It’s always sad when a friend’s cat dies. My heart hurts for what I know they’re about to go through as they mourn their loss. We’ve all been there, and even though everyone grieves in their own unique way, we all know how hard it is. Late last week, Janiss Garza, the human behind Sparkle Cat, Featuring Summer, Therapy Cat and Kitty on the Go, had to make the sad decision to let Binga go.Continue Reading
Help Me Celebrate Tortitude: The BIG Book About Cats With a BIG Attitude
Tortitude: The BIG Book About Cats With a BIG Attitude, which is currently a #1 Bestseller on Amazon, is now already available in select stores. To celebrate, I’m hosting a launch party on February 13, and if you’re in the Washington DC area, I hope you’ll join me!Continue Reading
Tortitude: The BIG Book About Cats With a BIG Attitude in Stores Today
Today is a very big day for Allegra, Ruby and me: today is the official launch day for Tortitude: The BIG Book About Cats With a BIG Attitude! This means that the book will be in stores today.
The book is currently an Amazon Bestseller, and we hope it will do really well in stores, too. Please tell all your cat loving friends about the book. If you don’t see it in your local bookstore, you can ask the store to order it for you. And of course, the book is available from Amazon and other online retailers.Continue Reading
“Tortitude” – The Unique Personality of Tortoiseshell Cats: Fact or Fiction?
Last updated August 2019
In August of 2009, I wrote a post titled Tortitude: The Unique Personality of Tortoiseshell Cats. The post describes some of the unique traits that many of these beautifully colored cats seem to share: they tend to be strong-willed, a bit hot-tempered, and they can be very possessive of their human. Other words used to describe torties are fiercely independent, feisty and unpredictable. They’re usually very talkative and make their presence and needs known with anything from a hiss to a meow to a strong purr.Continue Reading
Sunday Purrs: the colors of autumn
Fall has definitely arrived in my part of the world. While I enjoy the beautiful colors of autumn all around me, it’s not my favorite season – mostly because of what comes after. I don’t like cold weather, and I definitely don’t like snow. But this year, I’m determined to embrace autumn and enjoy the season for what it is, rather than viewing it just as a precursor to winter. After all, that’s what living in the moment is all about. I’m making a point this year to really notice the gradual changing of the leaves, and to appreciate nature’s beauty, rather than anticipate the inevitable journey toward falling leaves and winter.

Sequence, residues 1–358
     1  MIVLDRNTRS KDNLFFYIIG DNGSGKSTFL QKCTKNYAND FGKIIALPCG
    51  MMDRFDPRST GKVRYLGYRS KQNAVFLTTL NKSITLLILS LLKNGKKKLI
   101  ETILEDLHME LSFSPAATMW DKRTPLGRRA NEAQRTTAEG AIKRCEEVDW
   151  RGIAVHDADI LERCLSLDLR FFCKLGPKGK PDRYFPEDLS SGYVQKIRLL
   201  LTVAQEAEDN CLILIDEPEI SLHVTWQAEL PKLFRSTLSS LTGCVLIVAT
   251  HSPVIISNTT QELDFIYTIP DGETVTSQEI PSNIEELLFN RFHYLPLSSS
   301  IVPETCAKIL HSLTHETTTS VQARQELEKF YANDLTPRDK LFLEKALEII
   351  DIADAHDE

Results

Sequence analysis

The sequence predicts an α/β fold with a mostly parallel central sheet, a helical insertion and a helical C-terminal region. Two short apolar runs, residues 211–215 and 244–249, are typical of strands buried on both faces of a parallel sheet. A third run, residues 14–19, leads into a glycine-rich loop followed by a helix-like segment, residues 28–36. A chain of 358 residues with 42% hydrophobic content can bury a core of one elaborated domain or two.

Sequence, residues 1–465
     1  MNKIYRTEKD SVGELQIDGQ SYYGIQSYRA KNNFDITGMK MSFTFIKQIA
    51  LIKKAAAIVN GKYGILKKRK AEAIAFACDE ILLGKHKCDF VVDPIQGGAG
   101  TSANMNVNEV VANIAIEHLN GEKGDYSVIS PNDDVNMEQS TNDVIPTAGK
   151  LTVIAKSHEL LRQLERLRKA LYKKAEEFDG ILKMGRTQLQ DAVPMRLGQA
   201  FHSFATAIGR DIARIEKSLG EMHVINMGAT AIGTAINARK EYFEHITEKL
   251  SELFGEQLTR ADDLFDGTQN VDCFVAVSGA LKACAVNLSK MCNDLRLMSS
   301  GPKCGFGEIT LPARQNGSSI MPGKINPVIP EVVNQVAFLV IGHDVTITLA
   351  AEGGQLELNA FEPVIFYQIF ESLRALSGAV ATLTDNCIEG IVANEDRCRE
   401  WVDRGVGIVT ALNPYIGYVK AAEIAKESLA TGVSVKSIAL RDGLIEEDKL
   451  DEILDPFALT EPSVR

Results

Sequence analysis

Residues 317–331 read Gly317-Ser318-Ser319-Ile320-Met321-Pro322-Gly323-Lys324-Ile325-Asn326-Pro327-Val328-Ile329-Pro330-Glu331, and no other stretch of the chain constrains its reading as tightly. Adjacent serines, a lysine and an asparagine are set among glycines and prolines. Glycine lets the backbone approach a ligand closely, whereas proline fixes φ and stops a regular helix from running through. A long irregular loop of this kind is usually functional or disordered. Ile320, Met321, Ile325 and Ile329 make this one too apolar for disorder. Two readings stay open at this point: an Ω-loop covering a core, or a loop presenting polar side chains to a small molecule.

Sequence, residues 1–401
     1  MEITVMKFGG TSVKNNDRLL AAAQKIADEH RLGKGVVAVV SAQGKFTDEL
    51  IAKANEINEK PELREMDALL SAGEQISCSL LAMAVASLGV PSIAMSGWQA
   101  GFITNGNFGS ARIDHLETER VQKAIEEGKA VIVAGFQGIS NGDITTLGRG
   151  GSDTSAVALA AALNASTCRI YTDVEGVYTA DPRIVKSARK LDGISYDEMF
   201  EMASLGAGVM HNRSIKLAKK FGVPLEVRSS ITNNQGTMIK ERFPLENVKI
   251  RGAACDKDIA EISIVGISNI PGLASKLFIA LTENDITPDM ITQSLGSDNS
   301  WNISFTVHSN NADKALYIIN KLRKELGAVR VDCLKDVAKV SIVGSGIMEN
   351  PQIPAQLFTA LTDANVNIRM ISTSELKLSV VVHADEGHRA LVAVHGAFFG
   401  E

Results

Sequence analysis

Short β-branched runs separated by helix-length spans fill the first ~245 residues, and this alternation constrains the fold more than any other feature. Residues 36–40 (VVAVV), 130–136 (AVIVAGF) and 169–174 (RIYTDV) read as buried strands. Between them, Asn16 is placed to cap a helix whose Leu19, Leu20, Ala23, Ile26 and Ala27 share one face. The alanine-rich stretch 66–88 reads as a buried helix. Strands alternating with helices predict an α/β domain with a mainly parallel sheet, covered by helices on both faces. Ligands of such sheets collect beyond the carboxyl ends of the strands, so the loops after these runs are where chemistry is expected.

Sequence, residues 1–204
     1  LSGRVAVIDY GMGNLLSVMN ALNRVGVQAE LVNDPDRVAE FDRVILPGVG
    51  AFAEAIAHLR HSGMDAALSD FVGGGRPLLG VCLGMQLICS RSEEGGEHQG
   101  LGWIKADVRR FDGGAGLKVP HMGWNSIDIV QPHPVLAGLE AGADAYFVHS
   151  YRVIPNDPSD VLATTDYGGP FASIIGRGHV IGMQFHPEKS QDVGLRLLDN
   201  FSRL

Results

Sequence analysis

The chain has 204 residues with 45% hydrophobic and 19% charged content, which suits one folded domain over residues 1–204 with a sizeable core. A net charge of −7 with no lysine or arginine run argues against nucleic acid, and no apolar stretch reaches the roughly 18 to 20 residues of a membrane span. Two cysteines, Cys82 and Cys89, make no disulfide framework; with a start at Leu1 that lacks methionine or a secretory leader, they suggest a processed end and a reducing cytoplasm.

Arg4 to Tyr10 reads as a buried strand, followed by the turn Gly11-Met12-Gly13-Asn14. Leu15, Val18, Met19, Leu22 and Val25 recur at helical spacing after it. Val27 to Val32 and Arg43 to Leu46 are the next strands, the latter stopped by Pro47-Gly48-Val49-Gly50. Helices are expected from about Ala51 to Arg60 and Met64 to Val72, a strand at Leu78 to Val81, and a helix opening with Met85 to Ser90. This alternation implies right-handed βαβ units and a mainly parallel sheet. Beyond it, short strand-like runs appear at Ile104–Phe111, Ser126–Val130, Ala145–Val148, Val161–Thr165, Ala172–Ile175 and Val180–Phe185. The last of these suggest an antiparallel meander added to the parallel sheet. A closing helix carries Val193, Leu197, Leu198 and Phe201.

Autum is a season of harvest and a celebration of abundance. It’s a good time to take stock of all you’ve accomplished this year, and take some time to really appreciate your own growth. It’s a season of contradictions: warm, almost summer like days alternate with chilly days and nights. It’s a reflection that our lives aren’t always predictable, that life can be messy, and that joy and sorrow are both part of life.
Ultimately, autum is about the inevitability of change.Continue Reading
Torties, Friendship, and a Very Special Book Signing
This has to be one of the more unique post titles I’ve ever come up with – but what transpired earlier this week was one of the most unique, and special, experiences of my life. Let me explain.
It all began on August 17, 2009, when I wrote a post titled Tortitude – the Unique Personality of Tortoiseshell Cats. It rapidly became one of the most popular posts on this blog. When you google “tortoiseshell cat,” “tortie cat,” “tortitude” and any number of other combination of these terms, the post pops up in the first three results on Google’s results page. Readers started leaving comments sharing stories about their torties. It rapidly became so much more than just a blog post. With more than 3500 comments to date, it has turned into a real community of tortie lovers. (Editor’s note: as of April 2012, the post had more than 9500 comments.)
About a year ago, a core group of tortie lovers began to post almost daily, and what started as an exchange of tortie stories turned into online friendships. We not only continued to share tortie stories (and anyone owned by one of these cats knows there’s always plenty of new material!), but we supported each other through life’s ups and downs.
There is Harry in Virginia, who, along with his wife Julie and daughter Rachel, volunteers and saves untold feline lives with Lost Dog and Cat Rescue Foundation, and his tortie Brooke. There is Bernie in Western Pennsylvania, who had never had a cat in her life until a determined tortie named Steeler decided that she wanted to live with her. There is Jay in Eastern Pennsylvania, who taught his tortie Stirfry to trust humans again. There is Bernadette in Western Pennsylvania, whose two senior torties Kelly and Cookie grace some of her artwork. And there are many more: Glen in Canada, who rescued his tortie Kasey from a rough life outside a mechanical plant. Shannah in New York and her tortie Emma. Michael in Arizona and his tortie Honey. The list goes on and on.